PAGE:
Wednesday, April 30, 2008

APPARENTLY, THEY SHALL FIGHT US ON THE SEAS AND OCEANS ... WITH GROWING CONFIDENCE AND GROWING STRENGTH IN THE AIRWAVES: Every time I get close to weighing in on the Great Mainstream Media Vs. Bloggers Smackdown, I stop myself. There are plenty of bloggers out there with audiences several orders of magnitude larger than ours who marshal the proper arguments: bloggers are not a monolith; bloggers supplement, rather than compete with, mainstream outlets; the blog medium enables kinds of discourse and participation that professional journalism does not (though that's the criticism, I suppose); many bloggers (statistically-savvy baseball bloggers, to name one example) are better-qualified to comment on their subjects than many professional journalists (John Kruk, to name another); many other bloggers have no pretension of credibility and just want to create a virtual sports-bar or bleacher environment; very few bloggers live in their mothers' basements.

More importantly, though, it doesn't really seem that blogging needs to be defended. Because the Bissinger-Costas-Plashke-Steven A.-Kimmel coalition doesn't intend to repeal the First Amendment and can't convince people not to read WithLeather or Gawker, the entire "debate" really boils down to: "resolved: I dislike your leisure interest." Since, as you know, I usually take "pro" on that one, consistency suggests I should sit this one out.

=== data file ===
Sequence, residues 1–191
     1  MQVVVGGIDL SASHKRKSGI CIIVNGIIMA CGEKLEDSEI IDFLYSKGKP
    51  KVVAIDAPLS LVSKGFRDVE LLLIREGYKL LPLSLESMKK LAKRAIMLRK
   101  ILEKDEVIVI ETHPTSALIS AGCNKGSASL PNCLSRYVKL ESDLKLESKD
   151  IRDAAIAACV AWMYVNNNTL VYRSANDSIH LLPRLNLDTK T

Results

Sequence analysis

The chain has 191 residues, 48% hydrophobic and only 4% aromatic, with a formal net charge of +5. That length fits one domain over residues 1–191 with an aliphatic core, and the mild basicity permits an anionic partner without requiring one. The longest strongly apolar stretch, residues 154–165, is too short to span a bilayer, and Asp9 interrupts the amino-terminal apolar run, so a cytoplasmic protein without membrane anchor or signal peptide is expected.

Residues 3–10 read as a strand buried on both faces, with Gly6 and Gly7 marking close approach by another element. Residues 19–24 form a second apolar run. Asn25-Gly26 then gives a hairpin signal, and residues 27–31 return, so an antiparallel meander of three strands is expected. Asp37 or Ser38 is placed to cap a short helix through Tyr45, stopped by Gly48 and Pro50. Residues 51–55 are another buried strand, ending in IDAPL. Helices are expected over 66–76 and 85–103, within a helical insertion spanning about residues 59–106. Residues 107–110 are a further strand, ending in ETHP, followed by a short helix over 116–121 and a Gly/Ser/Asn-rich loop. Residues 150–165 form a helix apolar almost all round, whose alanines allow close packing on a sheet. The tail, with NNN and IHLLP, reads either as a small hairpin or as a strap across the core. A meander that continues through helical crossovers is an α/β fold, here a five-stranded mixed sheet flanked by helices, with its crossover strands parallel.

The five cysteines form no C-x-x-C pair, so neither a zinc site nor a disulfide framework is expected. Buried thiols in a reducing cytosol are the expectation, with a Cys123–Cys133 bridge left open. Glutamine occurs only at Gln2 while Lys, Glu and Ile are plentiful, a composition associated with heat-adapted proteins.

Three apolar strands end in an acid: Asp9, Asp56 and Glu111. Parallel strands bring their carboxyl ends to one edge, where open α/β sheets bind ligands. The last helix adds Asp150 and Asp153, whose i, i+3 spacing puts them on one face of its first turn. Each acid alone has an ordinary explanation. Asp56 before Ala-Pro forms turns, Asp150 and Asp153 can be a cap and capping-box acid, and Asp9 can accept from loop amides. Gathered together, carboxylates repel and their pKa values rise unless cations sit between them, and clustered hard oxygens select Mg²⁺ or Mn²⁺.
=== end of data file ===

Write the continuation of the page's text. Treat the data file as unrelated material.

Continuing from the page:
There's a nagging question that I've been feeling like I have to ask, though. Why do so many professional sports journalists make such a big deal out of this? Granted, the media always overestimate the importance of media-related controversies, but where's the angle in this for people like Costas and Bissinger? And why is it so much more pronounced in the field of sports journalism than in other fields? The last time I checked, Alan Sepinwall, Carrie Rickey, and Daniel Fienberg weren't hosting panel discussions about how ALOTT5MA and its commenters are debasing the whole field of popular-culture criticism (which, admittedly, may be true). The whole idea that this is actually a controversy just confuses me.

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